5.     A never-ending cycle of itches and illusions hardens into a ‘Deluded self’ that is completely ignorant of its own strength and identity.

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The Game of Delusion

The secret lies in breaking this vicious cycle through the understanding of our existence and operating from a state of completeness or Poorna. It will transform the depressing cycle of incompleteness into the blissful existence of peace and contentment.

A leader transforms into a legend when the breakthrough happens.

So, how do we do it?

I work with my coachees, increasing their Spiritual Quotient or the SiQ through the practice of hashtag#Energywash of completeness or Poorna in their day-to-day interactions. It enables them to generate a high hashtag#FIT score on the contentment parameters which in turn empowers them to embark on the journey of self-discovery and awareness.

During my coaching conversations, many a time, my coachee also introspects on the difference between happiness and contentment. I now leave you with this poem by Joshua Sylvester published in the Daily Poetry for your consideration and contemplation.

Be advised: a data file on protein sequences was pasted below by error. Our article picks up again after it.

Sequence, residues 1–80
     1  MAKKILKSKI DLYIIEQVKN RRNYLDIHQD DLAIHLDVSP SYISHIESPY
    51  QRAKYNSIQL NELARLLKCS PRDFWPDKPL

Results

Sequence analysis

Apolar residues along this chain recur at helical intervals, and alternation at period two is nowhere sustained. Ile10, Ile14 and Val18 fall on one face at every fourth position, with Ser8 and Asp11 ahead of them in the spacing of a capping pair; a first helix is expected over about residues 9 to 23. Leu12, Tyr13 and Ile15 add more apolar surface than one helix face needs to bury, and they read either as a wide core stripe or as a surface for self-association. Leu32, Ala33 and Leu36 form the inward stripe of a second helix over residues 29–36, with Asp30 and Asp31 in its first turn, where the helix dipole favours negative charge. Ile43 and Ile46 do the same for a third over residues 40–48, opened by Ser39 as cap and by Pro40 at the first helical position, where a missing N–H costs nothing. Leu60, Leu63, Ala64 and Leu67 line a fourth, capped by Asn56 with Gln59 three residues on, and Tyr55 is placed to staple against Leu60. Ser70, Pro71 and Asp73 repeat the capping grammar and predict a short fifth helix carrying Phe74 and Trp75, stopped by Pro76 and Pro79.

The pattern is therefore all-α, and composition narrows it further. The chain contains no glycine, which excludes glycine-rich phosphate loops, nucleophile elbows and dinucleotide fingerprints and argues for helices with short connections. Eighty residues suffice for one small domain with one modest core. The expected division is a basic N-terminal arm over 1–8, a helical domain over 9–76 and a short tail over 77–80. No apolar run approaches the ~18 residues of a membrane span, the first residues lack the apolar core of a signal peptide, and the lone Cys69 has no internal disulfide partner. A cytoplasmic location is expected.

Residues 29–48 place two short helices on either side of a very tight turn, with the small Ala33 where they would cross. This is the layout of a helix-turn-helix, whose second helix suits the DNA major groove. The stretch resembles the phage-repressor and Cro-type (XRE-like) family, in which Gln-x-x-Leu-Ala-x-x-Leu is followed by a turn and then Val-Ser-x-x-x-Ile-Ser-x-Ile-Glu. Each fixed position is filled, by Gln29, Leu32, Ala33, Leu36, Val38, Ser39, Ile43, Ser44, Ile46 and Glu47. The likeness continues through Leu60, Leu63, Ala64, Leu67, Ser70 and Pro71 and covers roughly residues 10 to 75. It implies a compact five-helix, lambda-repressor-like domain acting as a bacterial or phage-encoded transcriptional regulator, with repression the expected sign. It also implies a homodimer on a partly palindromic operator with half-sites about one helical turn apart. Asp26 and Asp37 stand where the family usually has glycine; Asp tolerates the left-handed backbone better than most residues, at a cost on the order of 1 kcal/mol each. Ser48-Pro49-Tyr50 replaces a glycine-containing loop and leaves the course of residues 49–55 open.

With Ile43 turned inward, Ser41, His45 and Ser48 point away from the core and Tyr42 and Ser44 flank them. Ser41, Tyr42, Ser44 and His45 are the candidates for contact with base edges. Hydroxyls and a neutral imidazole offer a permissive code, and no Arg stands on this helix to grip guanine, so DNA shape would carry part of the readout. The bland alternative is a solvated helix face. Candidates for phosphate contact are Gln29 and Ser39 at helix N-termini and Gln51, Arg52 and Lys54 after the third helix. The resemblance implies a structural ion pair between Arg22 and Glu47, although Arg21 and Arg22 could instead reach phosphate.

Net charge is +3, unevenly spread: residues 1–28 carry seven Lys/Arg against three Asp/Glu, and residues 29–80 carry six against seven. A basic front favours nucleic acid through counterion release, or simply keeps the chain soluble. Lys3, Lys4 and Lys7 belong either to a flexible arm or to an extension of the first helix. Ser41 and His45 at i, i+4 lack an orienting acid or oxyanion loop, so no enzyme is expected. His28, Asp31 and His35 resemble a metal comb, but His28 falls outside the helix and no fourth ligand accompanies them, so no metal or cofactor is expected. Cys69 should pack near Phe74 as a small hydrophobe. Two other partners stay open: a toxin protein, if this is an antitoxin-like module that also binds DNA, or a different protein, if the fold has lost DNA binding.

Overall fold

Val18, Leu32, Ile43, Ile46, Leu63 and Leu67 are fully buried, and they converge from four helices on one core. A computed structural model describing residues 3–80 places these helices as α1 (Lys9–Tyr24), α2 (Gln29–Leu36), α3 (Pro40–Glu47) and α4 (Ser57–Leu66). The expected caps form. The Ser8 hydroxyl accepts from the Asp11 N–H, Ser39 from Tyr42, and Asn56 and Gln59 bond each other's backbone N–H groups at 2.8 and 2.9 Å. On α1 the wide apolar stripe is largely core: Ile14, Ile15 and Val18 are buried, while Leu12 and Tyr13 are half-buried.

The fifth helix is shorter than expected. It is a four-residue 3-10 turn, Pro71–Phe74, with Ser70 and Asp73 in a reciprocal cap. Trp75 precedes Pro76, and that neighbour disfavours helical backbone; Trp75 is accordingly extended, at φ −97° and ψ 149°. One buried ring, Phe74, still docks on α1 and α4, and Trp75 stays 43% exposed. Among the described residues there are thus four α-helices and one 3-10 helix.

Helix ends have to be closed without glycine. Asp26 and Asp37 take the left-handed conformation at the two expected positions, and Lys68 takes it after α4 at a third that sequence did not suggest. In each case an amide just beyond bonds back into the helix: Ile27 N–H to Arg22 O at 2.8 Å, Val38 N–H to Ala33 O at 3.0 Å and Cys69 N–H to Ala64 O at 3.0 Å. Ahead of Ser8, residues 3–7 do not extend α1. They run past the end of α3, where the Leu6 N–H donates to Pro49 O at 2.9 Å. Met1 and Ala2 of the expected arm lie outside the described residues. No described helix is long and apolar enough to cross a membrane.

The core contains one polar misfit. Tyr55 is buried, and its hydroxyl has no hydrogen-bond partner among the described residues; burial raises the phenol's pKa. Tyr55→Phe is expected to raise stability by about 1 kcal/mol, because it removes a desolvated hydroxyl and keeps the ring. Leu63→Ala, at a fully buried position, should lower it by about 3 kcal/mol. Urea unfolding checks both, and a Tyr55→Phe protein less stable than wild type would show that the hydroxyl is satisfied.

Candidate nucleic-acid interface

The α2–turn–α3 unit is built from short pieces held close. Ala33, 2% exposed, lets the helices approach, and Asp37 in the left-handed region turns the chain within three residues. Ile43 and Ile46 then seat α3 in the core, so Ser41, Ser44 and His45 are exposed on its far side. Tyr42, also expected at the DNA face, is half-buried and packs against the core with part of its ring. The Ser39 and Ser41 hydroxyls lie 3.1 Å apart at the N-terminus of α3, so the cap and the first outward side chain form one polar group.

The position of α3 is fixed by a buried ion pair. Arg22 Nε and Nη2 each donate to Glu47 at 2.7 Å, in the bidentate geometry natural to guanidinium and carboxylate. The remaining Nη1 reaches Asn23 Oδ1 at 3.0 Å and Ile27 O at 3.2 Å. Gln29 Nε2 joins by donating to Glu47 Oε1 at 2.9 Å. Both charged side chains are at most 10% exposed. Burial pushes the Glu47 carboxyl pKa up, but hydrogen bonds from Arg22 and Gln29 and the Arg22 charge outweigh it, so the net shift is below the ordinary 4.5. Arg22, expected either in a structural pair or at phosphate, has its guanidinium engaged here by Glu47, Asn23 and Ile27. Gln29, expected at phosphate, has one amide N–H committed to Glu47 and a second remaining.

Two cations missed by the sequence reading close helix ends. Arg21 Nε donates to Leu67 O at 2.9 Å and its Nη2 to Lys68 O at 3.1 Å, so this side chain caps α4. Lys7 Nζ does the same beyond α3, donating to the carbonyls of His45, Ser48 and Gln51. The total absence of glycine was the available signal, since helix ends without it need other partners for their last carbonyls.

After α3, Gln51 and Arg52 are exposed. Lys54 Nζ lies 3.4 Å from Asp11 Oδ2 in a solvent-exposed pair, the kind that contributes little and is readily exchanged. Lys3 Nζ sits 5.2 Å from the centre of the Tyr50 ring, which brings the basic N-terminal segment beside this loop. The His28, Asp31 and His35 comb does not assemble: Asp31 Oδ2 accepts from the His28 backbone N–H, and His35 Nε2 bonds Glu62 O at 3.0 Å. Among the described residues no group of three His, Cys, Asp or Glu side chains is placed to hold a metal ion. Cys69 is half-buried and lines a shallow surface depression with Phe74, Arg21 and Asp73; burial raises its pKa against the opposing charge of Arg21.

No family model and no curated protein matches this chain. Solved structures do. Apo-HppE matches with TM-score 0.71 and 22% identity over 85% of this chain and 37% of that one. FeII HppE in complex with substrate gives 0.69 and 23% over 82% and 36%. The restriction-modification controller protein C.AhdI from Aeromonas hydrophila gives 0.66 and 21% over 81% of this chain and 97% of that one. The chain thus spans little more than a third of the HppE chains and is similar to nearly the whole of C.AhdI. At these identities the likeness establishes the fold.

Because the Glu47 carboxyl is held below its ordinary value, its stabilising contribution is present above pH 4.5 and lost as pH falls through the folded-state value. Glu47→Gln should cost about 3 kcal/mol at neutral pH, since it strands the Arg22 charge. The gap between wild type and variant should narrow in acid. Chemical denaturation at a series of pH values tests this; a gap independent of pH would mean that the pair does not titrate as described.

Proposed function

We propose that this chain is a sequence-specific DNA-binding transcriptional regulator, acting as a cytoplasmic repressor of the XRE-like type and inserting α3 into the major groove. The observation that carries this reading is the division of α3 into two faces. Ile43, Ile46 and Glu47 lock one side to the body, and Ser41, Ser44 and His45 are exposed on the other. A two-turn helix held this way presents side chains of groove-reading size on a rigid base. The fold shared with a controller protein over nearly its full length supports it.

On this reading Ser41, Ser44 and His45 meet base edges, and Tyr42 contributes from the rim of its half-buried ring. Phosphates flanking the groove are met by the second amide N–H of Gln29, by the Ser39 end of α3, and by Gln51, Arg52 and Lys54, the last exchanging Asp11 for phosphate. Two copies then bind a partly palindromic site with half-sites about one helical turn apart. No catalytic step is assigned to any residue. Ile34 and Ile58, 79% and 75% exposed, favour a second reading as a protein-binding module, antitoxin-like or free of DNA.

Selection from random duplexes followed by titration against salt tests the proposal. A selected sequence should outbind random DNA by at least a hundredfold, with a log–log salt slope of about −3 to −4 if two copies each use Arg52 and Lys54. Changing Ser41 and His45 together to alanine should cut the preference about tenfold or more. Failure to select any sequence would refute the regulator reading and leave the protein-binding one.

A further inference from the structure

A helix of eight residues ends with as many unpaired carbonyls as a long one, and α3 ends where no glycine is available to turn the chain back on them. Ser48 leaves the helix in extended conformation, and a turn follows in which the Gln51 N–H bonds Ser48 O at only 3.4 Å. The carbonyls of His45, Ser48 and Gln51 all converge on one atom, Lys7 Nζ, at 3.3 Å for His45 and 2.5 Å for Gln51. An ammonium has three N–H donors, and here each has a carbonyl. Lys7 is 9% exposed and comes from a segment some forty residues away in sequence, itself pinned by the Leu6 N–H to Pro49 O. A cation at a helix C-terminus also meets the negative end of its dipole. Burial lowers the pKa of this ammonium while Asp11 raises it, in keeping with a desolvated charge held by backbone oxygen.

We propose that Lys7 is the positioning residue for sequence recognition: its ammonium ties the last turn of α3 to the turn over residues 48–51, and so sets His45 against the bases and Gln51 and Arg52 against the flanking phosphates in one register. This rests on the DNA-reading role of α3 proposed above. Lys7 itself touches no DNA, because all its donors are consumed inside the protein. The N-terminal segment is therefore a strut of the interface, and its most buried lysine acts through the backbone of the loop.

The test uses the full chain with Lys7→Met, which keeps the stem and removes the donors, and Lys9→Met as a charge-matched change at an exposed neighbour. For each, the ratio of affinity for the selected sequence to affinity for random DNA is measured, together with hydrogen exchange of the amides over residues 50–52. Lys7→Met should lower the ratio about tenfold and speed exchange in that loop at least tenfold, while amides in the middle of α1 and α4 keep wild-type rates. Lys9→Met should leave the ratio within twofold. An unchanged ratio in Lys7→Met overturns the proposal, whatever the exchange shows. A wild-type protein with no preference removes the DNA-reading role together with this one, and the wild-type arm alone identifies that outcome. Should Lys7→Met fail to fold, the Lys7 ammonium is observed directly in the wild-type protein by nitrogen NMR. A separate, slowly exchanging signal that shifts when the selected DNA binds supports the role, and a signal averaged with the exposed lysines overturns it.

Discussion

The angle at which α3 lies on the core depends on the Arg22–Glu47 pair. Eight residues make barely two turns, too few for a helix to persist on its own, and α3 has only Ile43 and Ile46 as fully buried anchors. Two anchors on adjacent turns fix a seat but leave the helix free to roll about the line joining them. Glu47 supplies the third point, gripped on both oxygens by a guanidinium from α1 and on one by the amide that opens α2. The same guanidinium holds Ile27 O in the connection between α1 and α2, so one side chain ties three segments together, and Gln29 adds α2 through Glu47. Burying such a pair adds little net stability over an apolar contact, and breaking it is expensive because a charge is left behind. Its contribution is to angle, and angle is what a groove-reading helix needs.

I weigh not fortune’s frown or smile;

I joy not much in earthly joys;

I seek not state, I reck not style;

I am not fond of fancy toys:

I rest so pleasedly with what I have,

I wish no more, no more I crave.

I quake not at the thunder’s crack;

I tremble not at the news of war;

I would not at the news of wrack;

I shrink not at a blazing star;

I fear not loss, I hope not to gain,

I envy none, I none disdain.

I see ambition never pleased;

I see some Tantals starved in the store;

I see gold’s dropsy seldom eased;

I see even Midas gape for more;

I neither want nor yet abound,

Enough’s a feast, content is crowned.

I feign not friendship where I hate;

I fawn not on the great (in the show);

I prize, I praise a mean estate,

Neither too lofty nor too low:

This, this is all my choice, my cheer,

A mind content, a conscience clear.